My passion is for all things handmade, particularly textiles and handsewing using principles of slow design. My work is process oriented and strongly influenced by folk art and the inventiveness of people with limited resources. I use recycled or sustainable sources whenever possible and design patterns for handsewn accessories, goods and wearables. I was born and raised in Germany but most of my adult life was spent living in Cologne, Madrid, Barcelona, Buenos Aires and New York City. I’m currently enjoying a slower pace of life with my husband and daughter in upstate NY. For more tutorials and interesting ideas, visit my blog: annekata.com

Did you know that the word ‘jewelry’ comes from the Latin word “jocale”, meaning ‘plaything’ and that the first jewelry dates back approx. 100,000 years ago? Some things are timeless. Who doesn’t love jewelry? Think about how much earrings, necklaces and rings can make any outfit more special. Not to mention the sentimental value of a brooch inherited from a great aunt or a wedding ring.

Usually I don’t wear rings; any rings, but this changed when I started to make them from fabric and thread. They’re soft, easy to wear and very comfortable. They can also be created any way you like including with a “stone”. I started to experiment with different threads, floss and shapes. The variations are endless. Experiment. They make great friendship rings and gifts.

If you want to make your own “plaything”, here are 2 different versions:

Supplies:

  1. tape measure
  2. fabric scraps (I use linen for a clean look)
  3. scissors
  4. needle
  5. thread (sewing thread and embroidery floss, metallic, different colors or whatever tickles your fancy)

How To:

First, make the ring. This will need some experimentation depending on the fabric you’re using. Measure around the finger and add a little extra for seam allowance. Jot down the measurement for future reference. If you want a ring with a “wrapped stone”, add a little extra, because the wrapping will tighten the ring. Be generous with your measurements or you’ll have a nice new linen toe ring.

Cut out a strip the measured length and approx.1 1/4 inches wide. It depends on how wide you would like the ring to be.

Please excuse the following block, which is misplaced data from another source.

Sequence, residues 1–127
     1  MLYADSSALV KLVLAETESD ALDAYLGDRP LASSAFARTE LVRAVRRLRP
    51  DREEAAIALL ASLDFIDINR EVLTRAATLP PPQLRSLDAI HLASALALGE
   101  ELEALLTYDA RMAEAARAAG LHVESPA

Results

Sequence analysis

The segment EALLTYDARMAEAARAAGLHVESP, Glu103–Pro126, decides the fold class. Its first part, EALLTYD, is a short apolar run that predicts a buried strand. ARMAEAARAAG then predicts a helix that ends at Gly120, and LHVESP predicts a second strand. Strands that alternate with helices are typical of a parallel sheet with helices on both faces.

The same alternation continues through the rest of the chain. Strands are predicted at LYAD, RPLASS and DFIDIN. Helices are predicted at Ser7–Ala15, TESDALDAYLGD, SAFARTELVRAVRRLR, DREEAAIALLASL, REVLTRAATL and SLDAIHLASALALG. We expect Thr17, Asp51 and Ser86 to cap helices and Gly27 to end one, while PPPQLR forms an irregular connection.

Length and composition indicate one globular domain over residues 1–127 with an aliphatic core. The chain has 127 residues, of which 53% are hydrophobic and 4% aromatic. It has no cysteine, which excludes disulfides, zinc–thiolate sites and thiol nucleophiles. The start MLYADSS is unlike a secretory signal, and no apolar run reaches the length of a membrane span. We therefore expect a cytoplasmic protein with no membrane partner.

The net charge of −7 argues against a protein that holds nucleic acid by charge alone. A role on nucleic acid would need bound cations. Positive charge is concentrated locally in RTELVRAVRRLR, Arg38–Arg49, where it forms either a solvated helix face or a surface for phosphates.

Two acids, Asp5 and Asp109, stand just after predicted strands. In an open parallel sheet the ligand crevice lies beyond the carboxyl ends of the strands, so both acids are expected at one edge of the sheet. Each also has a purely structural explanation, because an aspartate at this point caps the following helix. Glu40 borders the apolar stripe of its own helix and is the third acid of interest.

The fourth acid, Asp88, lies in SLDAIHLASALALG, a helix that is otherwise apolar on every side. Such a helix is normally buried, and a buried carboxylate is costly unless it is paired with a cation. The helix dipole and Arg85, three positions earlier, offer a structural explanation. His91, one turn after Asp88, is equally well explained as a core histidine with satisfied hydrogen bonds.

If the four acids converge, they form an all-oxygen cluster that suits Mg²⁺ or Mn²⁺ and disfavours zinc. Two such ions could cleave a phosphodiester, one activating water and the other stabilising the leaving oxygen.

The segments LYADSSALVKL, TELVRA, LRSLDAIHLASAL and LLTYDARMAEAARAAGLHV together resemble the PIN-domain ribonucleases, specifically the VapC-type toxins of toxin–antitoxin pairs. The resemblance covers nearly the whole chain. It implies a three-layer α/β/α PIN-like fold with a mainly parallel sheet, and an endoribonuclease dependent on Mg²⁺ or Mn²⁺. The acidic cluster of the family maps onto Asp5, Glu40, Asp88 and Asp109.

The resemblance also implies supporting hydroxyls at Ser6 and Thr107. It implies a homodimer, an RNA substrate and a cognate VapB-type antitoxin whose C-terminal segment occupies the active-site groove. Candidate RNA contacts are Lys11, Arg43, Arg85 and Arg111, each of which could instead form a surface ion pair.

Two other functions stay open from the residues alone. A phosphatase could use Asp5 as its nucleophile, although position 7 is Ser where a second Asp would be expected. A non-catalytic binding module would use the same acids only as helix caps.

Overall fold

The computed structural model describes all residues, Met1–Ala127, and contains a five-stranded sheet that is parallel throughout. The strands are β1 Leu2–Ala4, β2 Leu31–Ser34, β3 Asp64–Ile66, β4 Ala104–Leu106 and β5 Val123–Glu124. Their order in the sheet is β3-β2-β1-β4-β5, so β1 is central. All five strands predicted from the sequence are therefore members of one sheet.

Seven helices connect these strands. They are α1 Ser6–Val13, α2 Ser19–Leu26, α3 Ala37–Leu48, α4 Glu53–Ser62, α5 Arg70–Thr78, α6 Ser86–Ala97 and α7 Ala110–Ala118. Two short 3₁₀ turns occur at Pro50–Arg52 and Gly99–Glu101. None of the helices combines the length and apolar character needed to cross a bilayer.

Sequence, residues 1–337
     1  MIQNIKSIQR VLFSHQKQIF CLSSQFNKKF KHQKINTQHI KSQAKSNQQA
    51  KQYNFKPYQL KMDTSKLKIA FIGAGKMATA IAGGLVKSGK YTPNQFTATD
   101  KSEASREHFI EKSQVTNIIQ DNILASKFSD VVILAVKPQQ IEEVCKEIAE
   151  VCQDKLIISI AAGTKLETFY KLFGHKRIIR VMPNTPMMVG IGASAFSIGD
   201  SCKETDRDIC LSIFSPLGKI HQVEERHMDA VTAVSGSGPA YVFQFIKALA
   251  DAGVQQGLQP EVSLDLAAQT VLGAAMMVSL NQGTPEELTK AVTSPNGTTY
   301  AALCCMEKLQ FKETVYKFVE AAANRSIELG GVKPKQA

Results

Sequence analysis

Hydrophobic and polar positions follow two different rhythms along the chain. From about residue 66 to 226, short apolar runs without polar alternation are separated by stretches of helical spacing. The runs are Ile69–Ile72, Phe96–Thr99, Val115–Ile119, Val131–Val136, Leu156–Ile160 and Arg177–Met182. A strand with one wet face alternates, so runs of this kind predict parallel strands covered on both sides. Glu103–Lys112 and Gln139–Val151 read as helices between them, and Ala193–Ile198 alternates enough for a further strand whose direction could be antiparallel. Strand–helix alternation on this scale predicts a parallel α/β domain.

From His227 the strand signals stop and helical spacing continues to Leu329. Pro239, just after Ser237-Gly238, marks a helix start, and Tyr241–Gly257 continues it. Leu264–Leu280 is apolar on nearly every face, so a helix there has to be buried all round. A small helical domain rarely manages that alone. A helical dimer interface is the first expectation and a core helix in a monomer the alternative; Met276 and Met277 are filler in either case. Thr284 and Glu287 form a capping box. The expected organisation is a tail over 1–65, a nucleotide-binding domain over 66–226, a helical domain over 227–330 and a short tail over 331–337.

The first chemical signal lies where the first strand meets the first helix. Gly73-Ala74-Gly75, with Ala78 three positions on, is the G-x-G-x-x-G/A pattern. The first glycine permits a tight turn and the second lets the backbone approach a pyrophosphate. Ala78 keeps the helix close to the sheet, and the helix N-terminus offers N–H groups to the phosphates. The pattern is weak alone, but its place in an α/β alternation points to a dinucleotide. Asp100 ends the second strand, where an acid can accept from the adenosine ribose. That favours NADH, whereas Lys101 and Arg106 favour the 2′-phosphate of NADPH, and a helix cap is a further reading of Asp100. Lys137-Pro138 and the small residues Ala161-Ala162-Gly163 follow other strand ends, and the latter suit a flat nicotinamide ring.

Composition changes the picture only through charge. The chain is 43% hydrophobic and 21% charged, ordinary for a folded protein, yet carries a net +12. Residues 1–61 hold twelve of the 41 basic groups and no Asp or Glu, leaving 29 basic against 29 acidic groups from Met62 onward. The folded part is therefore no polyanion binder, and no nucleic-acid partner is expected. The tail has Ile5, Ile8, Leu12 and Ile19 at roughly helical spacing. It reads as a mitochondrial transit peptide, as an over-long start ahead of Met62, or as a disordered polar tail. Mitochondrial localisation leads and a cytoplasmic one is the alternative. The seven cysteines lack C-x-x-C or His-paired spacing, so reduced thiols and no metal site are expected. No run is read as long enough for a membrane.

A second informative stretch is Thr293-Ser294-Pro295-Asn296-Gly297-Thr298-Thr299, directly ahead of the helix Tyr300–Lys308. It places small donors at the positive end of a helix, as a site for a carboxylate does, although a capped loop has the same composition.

Fold both long sides to the middle, and then fold over once again to encase the seams. Close the open part with a slip stitch.

The easiest way to finish the ring is to attach a “stone” made from embroidery thread, illustrated here:

Close the ring with a few stitches. Now hide the closing seam with a “wrapped stone”. Thread a needle with embroidery thread, make a knot, sew through the ring (to attach the embroidery floss) and then wrap the thread around the ring through the opening a few times and finish by wrapping horizontally the embroidered part. This looks great with metallic embroidery thread.

Here’s a second version: A jewel for your ring.

Cut a piece of fabric 1 1/4 inches by 2 1/4 inches. Fold both long sides to the middle and then both short sides to the middle. Fold over once again to encase all the raw seams into the square. This will be the ring’s “stone”. Thread a needle with some embroidery or metallic thread and sew around all the edges. illustrated here:

When you are finished with the “stone”, attach it to the ring. Overlap the ring slightly and cover the seam by sewing the stone to the ring with a few stitches. Make sure the ring fits before you permanently close it. If you want to embroider a name or message, do so before you close the ring and attach the stone.

{ 5 comments }

Oooh oh oh, love these. And I reckon us in the Southern hemisphere could be making some to brighten up our winter! Link to tutorial.

{ 1 comment }

How lovely these are! Perfect gift idea. Link to tutorial.

{ 1 comment }

Sweet little ring. Link.

{ 0 comments }